Bottled Water Glossary

Below is a bottled water glossary of terms which may be useful for those considering the purchase of a water cooler.
The terms in the glossary are not limited to water coolers, anyone with an interest in water will find them handy. A complete list of terms relating to drinking water is available from the Environmental Protection Agency.

acceptable daily intake (ADI)
Estimate of the largest amount of chemical to which a person can be exposed on a daily basis that is not anticipated to result in adverse effects (usually expressed in mg/kg/day).

The condition of water or soil which contains a sufficient amount of acid substances to lower the pH below 7.0.

The addition of an acid (usually nitric or sulfuric) to a sample to lower the pH below 2.0. The purpose of acidification is to "fix" a sample so it won't change until it is analyzed

activated carbon
Adsorptive particles or granules of carbon usually obtained by heating carbon (such as wood). These particles or granules have a high capacity to selectively remove certain trace and soluble materials from water.

The material being removed by the adsorption process.

The material (activated carbon) that is responsible for removing the undesirable substance in the adsorption process.

The material being removed by the adsorption process.

The material (activated carbon) that is responsible for removing the undesirable substance in the adsorption process.

Microscopic plants which contain chlorophyll and live floating or suspended in water. They also may be attached to structures, rocks or other submerged surfaces. They are food for fish and small aquatic animals. Excess algal growths can impart tastes and odors to potable water. Algae produce oxygen during sunlight hours and use oxygen during the night hours. Their biological activities appreciably affect the pH and dissolved oxygen of the water.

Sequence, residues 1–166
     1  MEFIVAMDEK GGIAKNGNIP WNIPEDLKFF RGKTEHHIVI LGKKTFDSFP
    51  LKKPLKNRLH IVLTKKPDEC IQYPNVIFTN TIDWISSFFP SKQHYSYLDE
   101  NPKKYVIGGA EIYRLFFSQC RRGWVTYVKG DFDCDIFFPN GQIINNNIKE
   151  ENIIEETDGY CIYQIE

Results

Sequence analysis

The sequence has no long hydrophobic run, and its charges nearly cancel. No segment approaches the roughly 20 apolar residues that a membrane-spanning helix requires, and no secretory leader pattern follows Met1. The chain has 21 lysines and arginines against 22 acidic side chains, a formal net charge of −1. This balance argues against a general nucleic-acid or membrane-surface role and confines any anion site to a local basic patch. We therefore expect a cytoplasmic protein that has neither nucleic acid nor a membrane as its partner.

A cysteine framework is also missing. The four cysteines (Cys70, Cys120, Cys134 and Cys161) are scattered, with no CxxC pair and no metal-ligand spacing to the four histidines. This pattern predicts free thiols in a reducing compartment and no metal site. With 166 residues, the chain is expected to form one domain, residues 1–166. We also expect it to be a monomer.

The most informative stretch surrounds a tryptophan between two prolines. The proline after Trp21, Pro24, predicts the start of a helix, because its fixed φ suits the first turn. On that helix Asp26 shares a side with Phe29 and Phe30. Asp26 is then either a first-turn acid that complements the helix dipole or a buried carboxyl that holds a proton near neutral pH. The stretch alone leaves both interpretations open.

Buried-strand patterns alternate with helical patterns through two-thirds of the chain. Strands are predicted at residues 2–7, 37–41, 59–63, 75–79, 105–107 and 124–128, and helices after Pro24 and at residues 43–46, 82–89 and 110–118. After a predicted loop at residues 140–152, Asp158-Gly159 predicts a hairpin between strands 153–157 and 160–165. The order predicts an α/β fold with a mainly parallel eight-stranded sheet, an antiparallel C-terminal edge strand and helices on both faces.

algal bloom
Sudden, massive growths of microscopic and macroscopic plant life, such as green or blue- green algae, which develop in lakes and reservoirs.

Any substance or chemical specifically formulated to kill or control algae.

Various soluble salts, principally of sodium, potassium, magnesium, and calcium, that have the property of combining with acids to form neutral salts and may be used in chemical water treatment processes.

The condition of water or soil which contains a sufficient amount of alkali substances to raise the pH above 7.0.

The capacity of water to neutralize acids. This capacity is caused by the water's content of carbonate, bicarbonate, hydroxide and occasion- ally borate, silicate, and phosphate. Alkalinity is expressed in milligrams per liter of equivalent calcium carbonate. Alkalinity is not the same as pH because water does not have to be strongly basic (high pH) to have a high alkalinity. Alkalinity is a measure of how much acid can be added to a liquid without causing a great change in pH.

A natural underground layer of porous, water-bearing materials (sand, gravel) usually capable of yielding a large amount or supply of water.

Water held under pressure in porous rock or soil confined by impermeable geologic formations. An artesian well is free flowing. See confined aquifer.